This technology has no intrinsic limitations in terms of scanning speed, which is only governed by the laser repeat rate and the acquisition rates of the detector. Acquisition rates of the order of 1 kHz have already been demonstrated11, 47, 48. These advantages endow LIBS imaging with unique capabilities in the scanning of large sample surfaces. In addition, the full compatibility of LIBS instrumentation with optical microscopy and its ease of use make clear that this technique has high growth potential and carries the possibility to provide additional information in the near future. It is also simple to apply such imaging techniques in research laboratories.

As mentioned above, LIBS imaging technology appears highly attractive in the field of Earth science and in particular for paleoclimate studies, since it allows the variations in climate proxies to be characterized over a large scale covering several centuries and may provide climate information that reveals seasonal changes. However, the large amount of information that LIBS imaging can collect needs to fit with the standard requirements of paleoclimate studies, in particular the need to provide time series (i.e., variations in the different proxies through time). Microanalytical imaging techniques, which are applied to speleothems and corals, have been used to study local variations in paleoproxies (trace element and isotopic compositions) at scales below 1 mm2 to several micrometres in corals and several mm2 in speleothems21, 37. In the case of speleothems, LIBS imaging of large areas at high spatial resolution offers, for the first time, compositional and fabric information that could be translated to paleoclimate features. Additionally, these experiments allow understanding and easy discrimination of the climatic and environmental signatures of “vital effects” throughout the coral skeleton28, 39. Furthermore, the different growth modes and sizes of cold-water and tropical coral colonies makes it necessary to develop sampling strategies that allow extraction of the maximum paleoclimate information24. Megapixel LIBS imaging arises as a powerful analytical technique in the study of variations in trace elements at micro- and macroscales in coral and speleothem samples and in the definition of the limits of feasibility of trace elements as paleoclimate proxies. The retrieved data will allow delving into the processes controlling precipitation and bio-crystallization, as well as the factors controlling the spatio-temporal variability of trace elements in large samples from speleothems and corals. The high-resolution characterization of such variability and its understanding are key tasks in studies of paleoclimate and paleoenvironmental reconstructions. LIBS imaging represents a great step forward, and this work lays the foundations for future paleoclimate research in these and other common natural archives. The technique opens vast opportunities for generating new high-resolution paleoclimate records from relatively large samples of a wide range of ages and provenances. Future work should aim to improve and standardize the technique so that it can be incorporated into paleoclimate laboratories and research projects. Integrative approaches of LIBS-imaging and other techniques, particularly petrographic, textural and microstratigraphic analyses, should contribute to: 1) obtaining better multi-proxy records of paleoclimate resulting from the integration of different chemical data; 2) improved understanding of coral and speleothem growth patterns; and 3) identifying diagenetic overprints or altered and biologically influenced areas in samples (thus improving sampling strategies for other studies, such as isotopic geochemistry).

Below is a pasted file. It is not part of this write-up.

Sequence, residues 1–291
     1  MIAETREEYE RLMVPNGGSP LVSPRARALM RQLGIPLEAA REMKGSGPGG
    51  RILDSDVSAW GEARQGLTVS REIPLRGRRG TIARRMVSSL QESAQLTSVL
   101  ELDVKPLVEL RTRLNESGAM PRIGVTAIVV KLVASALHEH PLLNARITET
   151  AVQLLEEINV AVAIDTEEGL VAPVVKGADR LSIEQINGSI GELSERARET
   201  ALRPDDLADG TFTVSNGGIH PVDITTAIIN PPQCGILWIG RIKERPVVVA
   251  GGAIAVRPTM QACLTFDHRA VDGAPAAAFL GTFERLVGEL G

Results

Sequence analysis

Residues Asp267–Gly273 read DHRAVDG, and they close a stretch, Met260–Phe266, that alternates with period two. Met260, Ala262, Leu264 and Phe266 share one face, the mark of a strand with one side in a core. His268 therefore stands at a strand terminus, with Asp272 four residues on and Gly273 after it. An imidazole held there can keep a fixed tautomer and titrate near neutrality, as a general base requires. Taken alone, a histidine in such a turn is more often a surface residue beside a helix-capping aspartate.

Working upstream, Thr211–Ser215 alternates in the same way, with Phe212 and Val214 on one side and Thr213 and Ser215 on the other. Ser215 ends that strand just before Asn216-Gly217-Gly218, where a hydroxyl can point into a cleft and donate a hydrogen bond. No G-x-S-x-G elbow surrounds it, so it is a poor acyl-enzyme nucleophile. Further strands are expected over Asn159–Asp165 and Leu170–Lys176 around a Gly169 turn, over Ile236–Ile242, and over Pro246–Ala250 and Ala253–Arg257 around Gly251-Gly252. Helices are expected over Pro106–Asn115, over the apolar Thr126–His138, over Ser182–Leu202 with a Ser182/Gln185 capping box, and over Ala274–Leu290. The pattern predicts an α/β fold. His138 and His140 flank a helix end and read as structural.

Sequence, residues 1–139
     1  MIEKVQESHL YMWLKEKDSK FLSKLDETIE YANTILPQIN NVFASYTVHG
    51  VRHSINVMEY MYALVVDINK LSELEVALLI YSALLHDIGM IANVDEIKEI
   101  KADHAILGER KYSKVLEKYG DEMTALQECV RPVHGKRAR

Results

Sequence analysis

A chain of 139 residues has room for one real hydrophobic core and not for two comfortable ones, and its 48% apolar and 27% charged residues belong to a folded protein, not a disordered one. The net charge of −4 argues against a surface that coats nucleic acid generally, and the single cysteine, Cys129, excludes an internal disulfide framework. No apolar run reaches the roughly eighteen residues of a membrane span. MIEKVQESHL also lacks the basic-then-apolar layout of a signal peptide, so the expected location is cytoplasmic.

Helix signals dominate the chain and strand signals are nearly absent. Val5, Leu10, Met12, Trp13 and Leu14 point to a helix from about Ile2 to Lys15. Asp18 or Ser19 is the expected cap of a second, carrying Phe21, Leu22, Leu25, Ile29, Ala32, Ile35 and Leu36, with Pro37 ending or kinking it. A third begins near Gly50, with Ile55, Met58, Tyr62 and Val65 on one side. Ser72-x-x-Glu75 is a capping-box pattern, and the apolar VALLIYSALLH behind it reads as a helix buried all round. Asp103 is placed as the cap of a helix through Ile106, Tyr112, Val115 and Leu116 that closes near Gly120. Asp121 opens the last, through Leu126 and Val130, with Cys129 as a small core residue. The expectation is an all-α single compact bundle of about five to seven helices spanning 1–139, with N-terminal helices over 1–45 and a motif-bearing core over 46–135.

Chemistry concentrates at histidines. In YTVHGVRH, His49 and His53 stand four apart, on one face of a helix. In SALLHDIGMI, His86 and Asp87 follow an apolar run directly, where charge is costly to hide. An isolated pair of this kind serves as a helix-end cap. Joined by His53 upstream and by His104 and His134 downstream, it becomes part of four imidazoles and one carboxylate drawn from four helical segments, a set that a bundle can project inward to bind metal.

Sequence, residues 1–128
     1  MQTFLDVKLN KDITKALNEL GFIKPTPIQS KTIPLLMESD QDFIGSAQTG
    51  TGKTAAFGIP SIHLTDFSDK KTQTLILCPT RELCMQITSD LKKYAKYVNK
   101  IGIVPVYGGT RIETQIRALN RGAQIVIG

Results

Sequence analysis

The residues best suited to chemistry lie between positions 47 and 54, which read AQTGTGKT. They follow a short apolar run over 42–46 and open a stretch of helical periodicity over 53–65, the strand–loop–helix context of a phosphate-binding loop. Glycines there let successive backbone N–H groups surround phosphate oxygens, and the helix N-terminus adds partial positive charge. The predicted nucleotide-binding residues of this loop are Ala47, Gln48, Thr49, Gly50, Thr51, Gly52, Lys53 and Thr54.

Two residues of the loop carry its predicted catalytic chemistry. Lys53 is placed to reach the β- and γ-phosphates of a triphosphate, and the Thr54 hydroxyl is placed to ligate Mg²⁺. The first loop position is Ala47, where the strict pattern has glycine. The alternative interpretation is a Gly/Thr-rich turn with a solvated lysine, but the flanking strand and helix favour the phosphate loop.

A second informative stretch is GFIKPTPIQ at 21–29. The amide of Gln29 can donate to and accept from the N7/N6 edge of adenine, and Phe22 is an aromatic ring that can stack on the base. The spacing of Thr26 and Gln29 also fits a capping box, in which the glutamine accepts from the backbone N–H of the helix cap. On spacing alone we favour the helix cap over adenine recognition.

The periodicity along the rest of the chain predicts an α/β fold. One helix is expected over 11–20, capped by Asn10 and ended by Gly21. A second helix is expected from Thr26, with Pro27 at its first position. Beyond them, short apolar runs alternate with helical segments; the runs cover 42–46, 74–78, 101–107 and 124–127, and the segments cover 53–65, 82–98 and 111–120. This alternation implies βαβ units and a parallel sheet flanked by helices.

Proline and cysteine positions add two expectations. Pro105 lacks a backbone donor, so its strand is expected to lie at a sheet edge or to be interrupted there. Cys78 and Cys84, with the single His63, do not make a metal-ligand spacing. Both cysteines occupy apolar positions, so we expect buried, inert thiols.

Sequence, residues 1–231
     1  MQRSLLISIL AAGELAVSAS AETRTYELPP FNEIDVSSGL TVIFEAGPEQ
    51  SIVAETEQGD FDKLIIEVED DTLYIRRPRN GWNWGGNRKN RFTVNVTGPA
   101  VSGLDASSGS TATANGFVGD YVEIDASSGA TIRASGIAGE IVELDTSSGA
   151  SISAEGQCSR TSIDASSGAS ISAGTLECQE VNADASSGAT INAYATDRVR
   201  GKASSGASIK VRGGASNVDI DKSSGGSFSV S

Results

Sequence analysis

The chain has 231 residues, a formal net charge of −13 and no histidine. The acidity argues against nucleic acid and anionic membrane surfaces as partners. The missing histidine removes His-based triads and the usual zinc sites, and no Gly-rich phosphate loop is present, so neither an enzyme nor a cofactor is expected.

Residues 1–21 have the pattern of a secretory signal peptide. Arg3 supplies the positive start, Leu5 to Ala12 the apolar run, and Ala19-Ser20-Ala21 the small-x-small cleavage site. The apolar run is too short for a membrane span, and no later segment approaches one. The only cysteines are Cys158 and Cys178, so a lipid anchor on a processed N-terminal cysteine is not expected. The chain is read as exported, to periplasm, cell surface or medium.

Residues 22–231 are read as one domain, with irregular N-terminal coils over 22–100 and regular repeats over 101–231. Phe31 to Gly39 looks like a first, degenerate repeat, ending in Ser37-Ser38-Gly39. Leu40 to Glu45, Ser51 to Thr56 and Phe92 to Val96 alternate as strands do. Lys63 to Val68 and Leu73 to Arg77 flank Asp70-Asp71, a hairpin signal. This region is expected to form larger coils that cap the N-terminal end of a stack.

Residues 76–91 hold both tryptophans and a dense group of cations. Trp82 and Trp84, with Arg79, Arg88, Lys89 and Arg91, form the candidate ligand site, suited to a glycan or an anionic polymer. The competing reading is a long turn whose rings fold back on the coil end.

Sample preparation

Speleothem sample

Sample SLX 2B is a longitudinal polished slab from a stalagmite retrieved from Sílex Gallery in Cueva Mayor in Burgos Province, Spain (42°21.53′N, 3°31.1′W) with a permit given by Junta de Castilla y León (Spain) and the support of the Grupo Espeleológico Edelweiss (Exma. Dip. Prov. Burgos). The sample was considered for paleoclimate studies in the framework of the CLISP/RECCE research projects. It is stored in the Stratigraphy Department of the Complutense University of Madrid.

Coral sample

A coral branch of the species Dendrophyllia ramea belonging to the biggest colony in the Invertebrate Collection of the Museo Nacional de Ciencias Naturales (MNCN, Spain). The colony was collected alive from the Bay of Cadiz (Cadiz, Spain), Atlantic Ocean (36°36.76′-36°36.76′ N - 6°26.66′-6°26.65′ O) at a depth of 20–24 m. The sample belongs to the Fauna Ibérica Project-I (DGICYT. Ministerio de Educación y Ciencia) and was collected in 1989. The coral branch was cleaned with a water jet to remove possible organic tissues or colonizers. The sample was cleaned by immersion in a NaClO 4% solution to remove organic contaminants, such as endolithic organisms like fungi and algae, rinsed several times in an ultrasonic bath (3 minutes) with MilliQ H2O, and finally oven-dried at 35 °C overnight. The sample was embedded in epoxy resin before a thin section was prepared by cutting longitudinally along the growth axis.